I think on Wiki here it is suggested that IQ is inherited to some degree. But I can't find scientific information on whether it is more inherited from mother or father?

e.g. if both mother and father have high IQ does it mean child is more likely to have high IQ then if for example only father has high IQ?


1 Answer 1


It seems that specifics on the heredity of IQ are largely unknown today. That same wiki page says,

Intelligence in the normal range is a polygenic trait, meaning that it is influenced by more than one gene, and in the case of intelligence at least 500 genes.

The frequency and disconnection of studies like this and this shows just how uncertain this field of science is today.

Since the genes that are passed on at random, they would be equally likely to be passed on from the mother as from the father - and the sheer amount of them would probably statistically lower any discrepancies.

However, there is one little thing that might dictate that one parent is more likely to pass on IQ than the other: IQ is partially determined by environmental factors, and these environmental factors can sometimes be manipulated by the parents - and this manipulation may depend on the parents' intelligence. For example, according to this article, infant massages can improve intelligence. It is quite possibly true that a more intelligent parent is more likely to find and notice this information. But perhaps it is also true that a father is generally more likely to accept and use this information than a mother, or vice versa. This would mean that one parent finding out this method to improve the baby's IQ would have more of an effect than the other one finding out.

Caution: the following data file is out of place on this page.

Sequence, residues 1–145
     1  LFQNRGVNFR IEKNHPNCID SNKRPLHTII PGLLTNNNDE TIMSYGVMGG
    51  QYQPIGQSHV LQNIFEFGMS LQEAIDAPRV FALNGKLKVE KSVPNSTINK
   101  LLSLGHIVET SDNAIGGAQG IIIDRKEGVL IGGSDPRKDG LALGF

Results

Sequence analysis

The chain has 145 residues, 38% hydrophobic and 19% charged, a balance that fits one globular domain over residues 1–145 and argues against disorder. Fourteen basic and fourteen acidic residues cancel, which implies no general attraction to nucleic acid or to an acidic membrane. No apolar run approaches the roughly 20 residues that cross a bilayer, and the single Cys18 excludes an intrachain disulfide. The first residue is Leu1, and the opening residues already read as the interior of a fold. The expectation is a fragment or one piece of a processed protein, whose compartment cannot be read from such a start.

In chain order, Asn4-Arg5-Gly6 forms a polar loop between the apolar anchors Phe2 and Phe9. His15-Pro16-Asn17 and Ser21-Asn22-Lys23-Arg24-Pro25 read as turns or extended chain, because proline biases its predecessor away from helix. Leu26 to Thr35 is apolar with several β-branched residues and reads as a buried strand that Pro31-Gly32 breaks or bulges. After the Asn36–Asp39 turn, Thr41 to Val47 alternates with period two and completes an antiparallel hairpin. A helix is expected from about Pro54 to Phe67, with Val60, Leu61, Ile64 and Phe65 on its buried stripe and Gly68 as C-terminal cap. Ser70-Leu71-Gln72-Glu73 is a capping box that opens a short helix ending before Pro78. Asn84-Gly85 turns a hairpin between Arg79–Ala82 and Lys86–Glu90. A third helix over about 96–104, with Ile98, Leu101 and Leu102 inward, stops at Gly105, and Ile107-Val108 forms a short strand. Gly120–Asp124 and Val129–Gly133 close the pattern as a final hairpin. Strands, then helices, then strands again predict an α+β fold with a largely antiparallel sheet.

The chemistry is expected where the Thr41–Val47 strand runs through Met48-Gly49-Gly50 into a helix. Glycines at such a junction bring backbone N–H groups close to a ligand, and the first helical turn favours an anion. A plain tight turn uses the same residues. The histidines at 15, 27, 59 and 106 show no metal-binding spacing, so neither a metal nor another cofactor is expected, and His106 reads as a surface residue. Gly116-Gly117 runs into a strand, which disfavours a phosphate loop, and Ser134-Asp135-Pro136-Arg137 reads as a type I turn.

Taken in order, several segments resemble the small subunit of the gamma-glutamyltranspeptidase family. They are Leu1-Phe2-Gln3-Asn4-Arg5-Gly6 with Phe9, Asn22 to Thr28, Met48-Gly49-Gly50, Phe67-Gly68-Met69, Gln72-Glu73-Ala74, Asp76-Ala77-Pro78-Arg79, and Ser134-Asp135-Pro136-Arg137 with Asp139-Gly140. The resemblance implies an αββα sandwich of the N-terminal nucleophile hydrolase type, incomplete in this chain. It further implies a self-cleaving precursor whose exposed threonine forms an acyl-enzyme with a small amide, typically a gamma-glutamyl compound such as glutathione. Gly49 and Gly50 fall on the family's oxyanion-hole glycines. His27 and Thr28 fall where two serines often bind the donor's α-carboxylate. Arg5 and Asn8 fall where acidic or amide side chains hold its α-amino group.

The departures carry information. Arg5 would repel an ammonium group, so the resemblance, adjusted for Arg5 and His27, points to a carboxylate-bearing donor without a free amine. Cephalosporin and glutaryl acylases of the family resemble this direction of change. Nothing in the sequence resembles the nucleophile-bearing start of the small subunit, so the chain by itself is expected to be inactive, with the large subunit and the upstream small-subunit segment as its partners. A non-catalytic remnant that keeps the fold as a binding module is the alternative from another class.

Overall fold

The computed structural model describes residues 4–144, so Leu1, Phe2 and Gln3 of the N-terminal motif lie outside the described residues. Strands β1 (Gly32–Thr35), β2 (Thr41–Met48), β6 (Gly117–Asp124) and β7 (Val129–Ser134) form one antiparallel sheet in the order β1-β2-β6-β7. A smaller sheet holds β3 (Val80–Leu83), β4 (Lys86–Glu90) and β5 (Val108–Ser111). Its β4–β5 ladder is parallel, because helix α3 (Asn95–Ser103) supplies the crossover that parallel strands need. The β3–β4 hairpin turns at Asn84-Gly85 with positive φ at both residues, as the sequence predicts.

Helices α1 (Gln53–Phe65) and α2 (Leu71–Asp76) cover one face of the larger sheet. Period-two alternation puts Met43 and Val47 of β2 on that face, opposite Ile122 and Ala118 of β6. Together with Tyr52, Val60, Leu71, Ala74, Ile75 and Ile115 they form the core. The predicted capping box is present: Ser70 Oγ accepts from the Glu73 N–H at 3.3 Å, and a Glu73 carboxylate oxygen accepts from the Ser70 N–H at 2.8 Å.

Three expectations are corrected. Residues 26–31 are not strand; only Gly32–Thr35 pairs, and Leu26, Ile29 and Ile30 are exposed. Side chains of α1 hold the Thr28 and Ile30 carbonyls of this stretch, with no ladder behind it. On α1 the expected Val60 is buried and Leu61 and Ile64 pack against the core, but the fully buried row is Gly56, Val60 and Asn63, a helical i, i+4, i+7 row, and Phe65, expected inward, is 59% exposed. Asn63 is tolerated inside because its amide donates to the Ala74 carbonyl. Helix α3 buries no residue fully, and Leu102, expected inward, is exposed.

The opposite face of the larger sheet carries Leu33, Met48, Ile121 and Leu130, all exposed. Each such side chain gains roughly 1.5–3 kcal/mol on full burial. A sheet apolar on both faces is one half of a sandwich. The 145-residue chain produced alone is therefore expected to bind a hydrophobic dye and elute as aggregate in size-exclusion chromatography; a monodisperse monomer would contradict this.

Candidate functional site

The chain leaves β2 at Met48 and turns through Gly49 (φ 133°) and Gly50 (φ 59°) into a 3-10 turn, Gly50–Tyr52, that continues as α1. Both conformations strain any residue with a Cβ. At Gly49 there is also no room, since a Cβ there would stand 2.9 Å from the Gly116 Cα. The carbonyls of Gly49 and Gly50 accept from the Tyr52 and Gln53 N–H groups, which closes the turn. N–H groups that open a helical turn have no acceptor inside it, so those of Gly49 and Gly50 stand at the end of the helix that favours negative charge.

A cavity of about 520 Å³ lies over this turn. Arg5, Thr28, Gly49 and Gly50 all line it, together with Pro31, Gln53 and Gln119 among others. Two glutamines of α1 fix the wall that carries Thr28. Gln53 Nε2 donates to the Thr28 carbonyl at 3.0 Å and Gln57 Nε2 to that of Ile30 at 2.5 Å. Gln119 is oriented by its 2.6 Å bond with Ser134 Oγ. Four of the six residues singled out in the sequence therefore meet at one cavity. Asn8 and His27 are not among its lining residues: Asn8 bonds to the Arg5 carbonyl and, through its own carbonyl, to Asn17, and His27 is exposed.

Of course, this is only speculation, and this is clearly not strictly genetic, but it points to the possibility of one gender's IQ mattering more to the baby's development than the other's.

But with your example question, yes, that would probably be more likely, since that means there are more likely to be more IQ-related genes passed on.


Your Answer

By clicking “Post Your Answer”, you agree to our terms of service, privacy policy and cookie policy

Not the answer you're looking for? Browse other questions tagged or ask your own question.